©2015. Published in Landslide, Vol. 7, No. 5, May/June 2015, by the American Bar Association. Reproduced with permission. All rights reserved. This information or any portion thereof may not be copied or disseminated in any form or by any means or stored in an electronic database or retrieval system without the express written consent of the American Bar Association or the copyright holder.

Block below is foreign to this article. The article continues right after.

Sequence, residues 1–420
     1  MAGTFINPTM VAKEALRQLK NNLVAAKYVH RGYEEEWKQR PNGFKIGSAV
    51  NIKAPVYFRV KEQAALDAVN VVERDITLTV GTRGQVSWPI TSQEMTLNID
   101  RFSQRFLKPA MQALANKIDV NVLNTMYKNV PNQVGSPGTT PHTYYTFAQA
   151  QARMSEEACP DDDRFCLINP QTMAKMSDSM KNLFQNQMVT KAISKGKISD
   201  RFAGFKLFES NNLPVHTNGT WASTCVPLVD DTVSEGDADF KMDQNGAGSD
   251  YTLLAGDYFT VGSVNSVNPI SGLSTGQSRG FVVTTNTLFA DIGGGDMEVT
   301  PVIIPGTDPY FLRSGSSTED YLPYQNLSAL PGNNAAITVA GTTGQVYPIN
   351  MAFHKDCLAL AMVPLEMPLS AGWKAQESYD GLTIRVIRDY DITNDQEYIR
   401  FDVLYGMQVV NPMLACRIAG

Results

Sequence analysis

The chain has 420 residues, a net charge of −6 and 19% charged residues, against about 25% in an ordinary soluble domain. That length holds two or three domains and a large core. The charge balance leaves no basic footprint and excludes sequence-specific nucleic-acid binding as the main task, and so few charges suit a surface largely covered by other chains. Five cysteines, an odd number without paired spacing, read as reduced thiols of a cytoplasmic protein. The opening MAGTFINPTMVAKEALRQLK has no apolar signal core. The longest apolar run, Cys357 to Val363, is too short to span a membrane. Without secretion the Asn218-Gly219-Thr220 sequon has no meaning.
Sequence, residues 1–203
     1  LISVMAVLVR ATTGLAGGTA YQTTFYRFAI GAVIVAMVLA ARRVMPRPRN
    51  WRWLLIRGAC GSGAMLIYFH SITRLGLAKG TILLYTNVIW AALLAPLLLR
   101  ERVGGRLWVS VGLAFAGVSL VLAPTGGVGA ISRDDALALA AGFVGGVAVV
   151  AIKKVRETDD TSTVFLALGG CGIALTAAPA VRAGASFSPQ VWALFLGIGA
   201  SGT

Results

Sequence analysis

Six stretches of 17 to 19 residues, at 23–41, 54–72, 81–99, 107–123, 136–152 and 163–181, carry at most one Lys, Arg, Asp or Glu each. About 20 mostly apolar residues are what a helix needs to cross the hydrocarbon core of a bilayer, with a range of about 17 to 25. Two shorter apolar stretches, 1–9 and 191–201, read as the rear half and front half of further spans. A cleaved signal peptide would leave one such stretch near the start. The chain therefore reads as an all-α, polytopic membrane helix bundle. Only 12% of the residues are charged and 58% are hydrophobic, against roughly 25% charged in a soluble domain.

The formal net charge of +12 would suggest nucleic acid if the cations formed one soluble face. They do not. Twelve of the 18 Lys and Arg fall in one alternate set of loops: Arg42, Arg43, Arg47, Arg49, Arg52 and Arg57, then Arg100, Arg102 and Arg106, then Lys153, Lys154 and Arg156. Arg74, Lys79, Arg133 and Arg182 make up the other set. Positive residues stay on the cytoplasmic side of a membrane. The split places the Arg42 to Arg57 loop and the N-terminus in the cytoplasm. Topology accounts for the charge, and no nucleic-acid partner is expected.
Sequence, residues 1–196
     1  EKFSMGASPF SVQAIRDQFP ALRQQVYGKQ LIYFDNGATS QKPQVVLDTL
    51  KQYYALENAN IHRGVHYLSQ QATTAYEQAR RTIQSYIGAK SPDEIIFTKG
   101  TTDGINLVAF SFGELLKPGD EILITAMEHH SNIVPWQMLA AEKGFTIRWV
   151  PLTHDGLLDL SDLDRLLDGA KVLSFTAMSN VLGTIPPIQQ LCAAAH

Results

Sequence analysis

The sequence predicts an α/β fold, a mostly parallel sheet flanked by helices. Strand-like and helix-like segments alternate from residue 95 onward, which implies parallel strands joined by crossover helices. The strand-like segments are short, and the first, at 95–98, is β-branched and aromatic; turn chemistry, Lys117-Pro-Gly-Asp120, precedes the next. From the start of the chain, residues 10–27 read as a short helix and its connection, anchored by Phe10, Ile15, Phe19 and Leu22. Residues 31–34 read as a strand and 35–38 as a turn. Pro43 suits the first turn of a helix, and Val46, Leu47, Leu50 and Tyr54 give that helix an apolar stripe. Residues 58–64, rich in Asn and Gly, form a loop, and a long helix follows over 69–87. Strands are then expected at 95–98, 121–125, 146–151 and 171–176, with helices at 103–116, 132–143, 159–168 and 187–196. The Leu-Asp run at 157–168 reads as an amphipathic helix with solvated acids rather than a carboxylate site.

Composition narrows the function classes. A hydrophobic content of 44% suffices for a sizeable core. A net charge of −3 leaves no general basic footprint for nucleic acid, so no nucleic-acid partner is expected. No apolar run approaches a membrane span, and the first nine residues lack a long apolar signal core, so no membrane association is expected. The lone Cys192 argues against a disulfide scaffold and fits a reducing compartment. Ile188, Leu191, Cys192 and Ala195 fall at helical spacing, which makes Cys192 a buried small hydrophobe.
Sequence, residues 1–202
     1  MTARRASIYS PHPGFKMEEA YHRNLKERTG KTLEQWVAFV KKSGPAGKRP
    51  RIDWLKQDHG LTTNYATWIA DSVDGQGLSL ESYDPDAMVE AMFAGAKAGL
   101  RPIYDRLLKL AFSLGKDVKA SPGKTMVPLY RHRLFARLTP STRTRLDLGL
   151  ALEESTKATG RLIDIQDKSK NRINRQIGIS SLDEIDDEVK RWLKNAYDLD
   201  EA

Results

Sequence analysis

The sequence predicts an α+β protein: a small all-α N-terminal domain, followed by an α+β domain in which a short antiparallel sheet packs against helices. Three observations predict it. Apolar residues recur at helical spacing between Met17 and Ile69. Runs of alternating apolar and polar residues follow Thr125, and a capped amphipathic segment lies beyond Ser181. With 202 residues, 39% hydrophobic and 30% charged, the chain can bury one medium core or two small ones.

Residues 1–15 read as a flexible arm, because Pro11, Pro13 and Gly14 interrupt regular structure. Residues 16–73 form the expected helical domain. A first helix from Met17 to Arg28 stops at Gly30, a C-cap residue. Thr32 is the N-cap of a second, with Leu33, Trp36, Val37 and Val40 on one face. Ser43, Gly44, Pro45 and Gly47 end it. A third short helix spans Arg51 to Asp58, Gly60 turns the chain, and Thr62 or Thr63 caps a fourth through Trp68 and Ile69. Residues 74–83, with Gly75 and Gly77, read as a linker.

Print, broadcast, and social media will not advertise their goods and services.1 Yet, the advent of legal medical and recreational marijuana has nonetheless birthed a budding “green” economy replete with branded snack foods, infused cosmetic creams, sundry varieties of unprocessed cannabis, and even “CANNABRAND,” a marijuana-specific marketing agency.2 Unfortunately, the core of cannabis brands, the trade and service marks to which consumer goodwill necessarily attaches, are mired in a decidedly fraught relationship with intellectual property protection. Specifically, the complex interplay between the marijuana industry and the U.S. Patent and Trademark Office (USPTO) presents a variety of challenges for would-be pot barons. This article analyzes obstacles and potential protection strategies for cannabis brands in the emerging marijuana marketplace, including state trademark protection, federal copyright protection, obtaining federal trademark protection for a cannabis company’s non-marijuana-related goods and services, and possible protection for unregistered trade and service marks under section 43(a) of the Trademark Act.
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